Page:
Ancient woodland is not just important, it is irreplaceable.'

Annihilating all that’s made 

To a green thought in a green shade. 

The Garden by Andrew Marvell
(With thanks to Barbara Crowther)

Celia Rees

Related Poem Content Detail


Ms. said...

I'm way across the pond in "the City that Never Sleeps", but my heart is in the ancient woods of the now destroyed Catskill Mountains of New York State and it throbs tonight in agony over the wanton destruction of more woodlands anywhere, but in England the land of so much beauty! NO I scream into the virtual. No, please don't.

Elizabeth Chadwick said...

Tragic and brings me to tears both sorrowful and angry. I keep thinking of Tolkien's Lord of the Rings. Truly we are Hobbits watching the inexorable advance of Mordor.

Lynne Garner said...

Ancient woodland takes hundreds of years to create. It should be protected completely and utterly. Fingers crossed it never happens (sometimes these things get pulled). But it would be nice that if it does then this tree could be saved. I know it can be done, it costs a lot. But hell this tree is part of our heritage so would be worth every penny.

madwippitt said...

It is heartbreaking. I'm in Bucks and it will drive a hideous swathe of destruction through AONBs here too, with irreplaceable trees, wildlife ... What is the point of designating AONBs and forbidding development on them if the government can then just ride roughshod over it. Its not just a case of not wanting it either - no-one actually needs it. Save fifteen minutes journey time? Come on. And if it isn't stopping between Birmingham and London, no-one in its wake of destruction will get any benefits from it. And if it does stop ... well... its not going to be very high speed, is it? Just stuff a few extra carriages on the existing trains. Or run more of them . Pfffft.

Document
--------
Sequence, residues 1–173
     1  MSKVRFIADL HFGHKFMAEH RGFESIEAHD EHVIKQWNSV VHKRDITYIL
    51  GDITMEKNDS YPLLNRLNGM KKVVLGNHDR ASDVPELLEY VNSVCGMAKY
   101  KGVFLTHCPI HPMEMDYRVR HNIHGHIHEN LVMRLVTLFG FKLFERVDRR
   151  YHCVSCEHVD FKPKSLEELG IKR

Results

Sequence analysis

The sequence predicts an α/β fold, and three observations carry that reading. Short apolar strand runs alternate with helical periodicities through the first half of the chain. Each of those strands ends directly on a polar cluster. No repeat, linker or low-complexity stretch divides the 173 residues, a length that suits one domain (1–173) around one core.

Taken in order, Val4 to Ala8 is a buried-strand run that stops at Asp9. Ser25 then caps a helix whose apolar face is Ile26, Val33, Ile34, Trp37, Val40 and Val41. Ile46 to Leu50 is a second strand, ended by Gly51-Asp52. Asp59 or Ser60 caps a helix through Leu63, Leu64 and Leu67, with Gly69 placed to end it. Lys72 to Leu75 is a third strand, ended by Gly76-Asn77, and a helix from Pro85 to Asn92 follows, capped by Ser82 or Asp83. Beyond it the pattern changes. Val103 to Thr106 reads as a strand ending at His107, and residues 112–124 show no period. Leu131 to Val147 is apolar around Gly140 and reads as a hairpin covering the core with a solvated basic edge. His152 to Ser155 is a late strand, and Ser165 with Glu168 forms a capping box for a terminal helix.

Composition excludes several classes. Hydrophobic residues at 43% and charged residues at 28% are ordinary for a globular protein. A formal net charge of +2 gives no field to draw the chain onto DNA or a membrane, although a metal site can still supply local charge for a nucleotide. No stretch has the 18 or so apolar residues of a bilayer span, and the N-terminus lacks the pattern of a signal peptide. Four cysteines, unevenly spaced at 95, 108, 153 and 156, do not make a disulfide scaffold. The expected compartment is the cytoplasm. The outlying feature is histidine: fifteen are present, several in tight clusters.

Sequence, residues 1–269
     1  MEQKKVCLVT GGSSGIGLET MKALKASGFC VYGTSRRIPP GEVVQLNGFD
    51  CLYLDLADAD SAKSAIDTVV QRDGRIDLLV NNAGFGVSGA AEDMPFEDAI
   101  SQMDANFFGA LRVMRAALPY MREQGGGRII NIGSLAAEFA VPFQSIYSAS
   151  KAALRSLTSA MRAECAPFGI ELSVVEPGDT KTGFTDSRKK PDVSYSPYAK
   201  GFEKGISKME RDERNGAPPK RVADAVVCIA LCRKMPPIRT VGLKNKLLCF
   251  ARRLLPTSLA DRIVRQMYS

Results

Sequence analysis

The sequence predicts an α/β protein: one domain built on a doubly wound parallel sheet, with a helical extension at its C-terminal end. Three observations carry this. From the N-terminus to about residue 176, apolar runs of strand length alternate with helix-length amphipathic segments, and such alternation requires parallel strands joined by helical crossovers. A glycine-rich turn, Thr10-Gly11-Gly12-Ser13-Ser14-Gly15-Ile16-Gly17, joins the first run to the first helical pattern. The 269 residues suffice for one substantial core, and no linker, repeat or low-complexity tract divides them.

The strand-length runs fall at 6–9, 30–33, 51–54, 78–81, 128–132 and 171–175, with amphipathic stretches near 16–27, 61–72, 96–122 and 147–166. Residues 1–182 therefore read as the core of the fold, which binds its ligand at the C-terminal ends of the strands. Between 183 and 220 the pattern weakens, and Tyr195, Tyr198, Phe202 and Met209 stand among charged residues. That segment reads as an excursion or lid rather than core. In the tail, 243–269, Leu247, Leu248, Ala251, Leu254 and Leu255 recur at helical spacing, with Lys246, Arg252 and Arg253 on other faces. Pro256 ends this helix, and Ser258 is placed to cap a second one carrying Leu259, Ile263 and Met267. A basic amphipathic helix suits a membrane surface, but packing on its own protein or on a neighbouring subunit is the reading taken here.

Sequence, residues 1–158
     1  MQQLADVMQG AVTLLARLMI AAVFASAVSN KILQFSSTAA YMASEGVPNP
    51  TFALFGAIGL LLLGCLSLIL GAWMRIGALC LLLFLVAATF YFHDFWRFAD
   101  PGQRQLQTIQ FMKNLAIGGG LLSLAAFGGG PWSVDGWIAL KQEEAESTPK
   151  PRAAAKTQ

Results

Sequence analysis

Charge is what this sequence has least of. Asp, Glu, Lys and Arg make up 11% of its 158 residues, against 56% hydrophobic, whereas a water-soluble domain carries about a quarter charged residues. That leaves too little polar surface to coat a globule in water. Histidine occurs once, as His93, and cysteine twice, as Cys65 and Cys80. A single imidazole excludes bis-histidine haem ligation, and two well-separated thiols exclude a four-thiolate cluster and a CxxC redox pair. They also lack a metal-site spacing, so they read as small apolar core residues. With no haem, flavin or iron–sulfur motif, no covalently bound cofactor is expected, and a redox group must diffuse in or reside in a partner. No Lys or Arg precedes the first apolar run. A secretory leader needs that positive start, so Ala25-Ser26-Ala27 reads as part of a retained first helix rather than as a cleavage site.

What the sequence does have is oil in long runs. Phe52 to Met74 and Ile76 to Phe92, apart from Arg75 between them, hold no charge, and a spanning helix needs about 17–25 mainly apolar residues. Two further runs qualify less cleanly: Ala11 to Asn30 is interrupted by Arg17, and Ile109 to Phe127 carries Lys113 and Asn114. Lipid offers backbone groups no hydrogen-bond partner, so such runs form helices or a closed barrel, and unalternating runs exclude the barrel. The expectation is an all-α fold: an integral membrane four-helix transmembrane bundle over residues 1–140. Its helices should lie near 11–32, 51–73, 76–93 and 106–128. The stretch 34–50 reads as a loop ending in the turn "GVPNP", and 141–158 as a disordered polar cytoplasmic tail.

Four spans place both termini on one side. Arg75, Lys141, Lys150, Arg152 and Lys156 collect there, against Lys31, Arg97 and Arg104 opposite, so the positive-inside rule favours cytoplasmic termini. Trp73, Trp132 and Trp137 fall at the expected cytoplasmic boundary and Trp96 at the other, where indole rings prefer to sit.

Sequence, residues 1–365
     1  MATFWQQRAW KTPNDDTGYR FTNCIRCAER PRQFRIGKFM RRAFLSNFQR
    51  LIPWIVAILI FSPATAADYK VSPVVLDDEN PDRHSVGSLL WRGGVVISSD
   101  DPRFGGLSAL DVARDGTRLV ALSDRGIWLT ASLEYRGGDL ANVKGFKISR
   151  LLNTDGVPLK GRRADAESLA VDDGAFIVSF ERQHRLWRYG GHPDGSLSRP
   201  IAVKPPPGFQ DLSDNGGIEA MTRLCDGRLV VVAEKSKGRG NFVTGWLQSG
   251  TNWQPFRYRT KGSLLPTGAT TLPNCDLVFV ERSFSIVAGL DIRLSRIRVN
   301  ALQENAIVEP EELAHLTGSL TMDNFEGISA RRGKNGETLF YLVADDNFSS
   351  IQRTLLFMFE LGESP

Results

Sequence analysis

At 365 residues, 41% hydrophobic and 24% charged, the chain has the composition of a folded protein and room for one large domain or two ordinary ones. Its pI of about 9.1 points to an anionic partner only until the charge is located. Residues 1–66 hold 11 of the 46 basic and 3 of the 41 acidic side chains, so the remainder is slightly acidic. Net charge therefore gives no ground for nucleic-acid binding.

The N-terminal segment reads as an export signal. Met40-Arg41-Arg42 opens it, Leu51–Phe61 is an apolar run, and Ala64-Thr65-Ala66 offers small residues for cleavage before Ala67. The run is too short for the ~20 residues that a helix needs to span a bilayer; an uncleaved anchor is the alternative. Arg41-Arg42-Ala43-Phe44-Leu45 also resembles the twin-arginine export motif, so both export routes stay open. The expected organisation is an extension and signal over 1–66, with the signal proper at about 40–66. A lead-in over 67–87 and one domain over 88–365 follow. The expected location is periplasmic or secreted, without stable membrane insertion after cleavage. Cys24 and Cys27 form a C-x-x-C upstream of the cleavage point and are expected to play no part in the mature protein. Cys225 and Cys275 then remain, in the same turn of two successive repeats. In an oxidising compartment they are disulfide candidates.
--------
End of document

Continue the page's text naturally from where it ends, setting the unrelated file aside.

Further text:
Celia Rees said...

Destruction of forest and woodland is terrible and distresses all like minded people everywhere from Upper New York State to all of us in the path of HS2. Couldn't agree more madwippit (great name btw) 20 minutes off the journey from London to Brum. 20 minutes soon eaten up by delays, signals leaves on the line and all the other Things that happen. You re right, Elizabeth. Tolkien foresaw it all - although there were many more trees in his day...

Sue Purkiss said...

Exactly - so much destruction, so much money, to save what? A tiny bit of time. Ridiculous and a nonsense.

Celia Rees said...

Thanks all for your comments.

keti said...
This comment has been removed by a blog administrator.
Becca McCallum said...

I had no idea that HS2 would destroy so much important natural habitat. What shame - no, more than a shame, it's a crime that so much precious woodland should be trod roughshod over in the name of progress.

Toffeeapple said...

This government is wrecking our country and for no good reason.

Unknown said...

Keti: your comment has arrived somewhat garbled. Please repost